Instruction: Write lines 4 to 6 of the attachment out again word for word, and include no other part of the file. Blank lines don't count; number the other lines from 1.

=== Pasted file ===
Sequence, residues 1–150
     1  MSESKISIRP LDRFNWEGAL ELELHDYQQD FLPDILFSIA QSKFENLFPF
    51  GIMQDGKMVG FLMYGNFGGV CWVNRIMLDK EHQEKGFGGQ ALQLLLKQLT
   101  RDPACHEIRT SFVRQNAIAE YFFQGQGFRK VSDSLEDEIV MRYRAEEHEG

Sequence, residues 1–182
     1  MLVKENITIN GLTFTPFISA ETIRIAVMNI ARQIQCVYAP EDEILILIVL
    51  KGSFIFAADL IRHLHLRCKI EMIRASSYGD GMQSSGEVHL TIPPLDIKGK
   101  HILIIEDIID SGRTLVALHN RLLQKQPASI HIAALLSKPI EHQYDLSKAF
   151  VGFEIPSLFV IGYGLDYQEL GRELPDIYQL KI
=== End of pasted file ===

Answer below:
   101  RDPACHEIRT SFVRQNAIAE YFFQGQGFRK VSDSLEDEIV MRYRAEEHEG

Sequence, residues 1–182
     1  MLVKENITIN GLTFTPFISA ETIRIAVMNI ARQIQCVYAP EDEILILIVL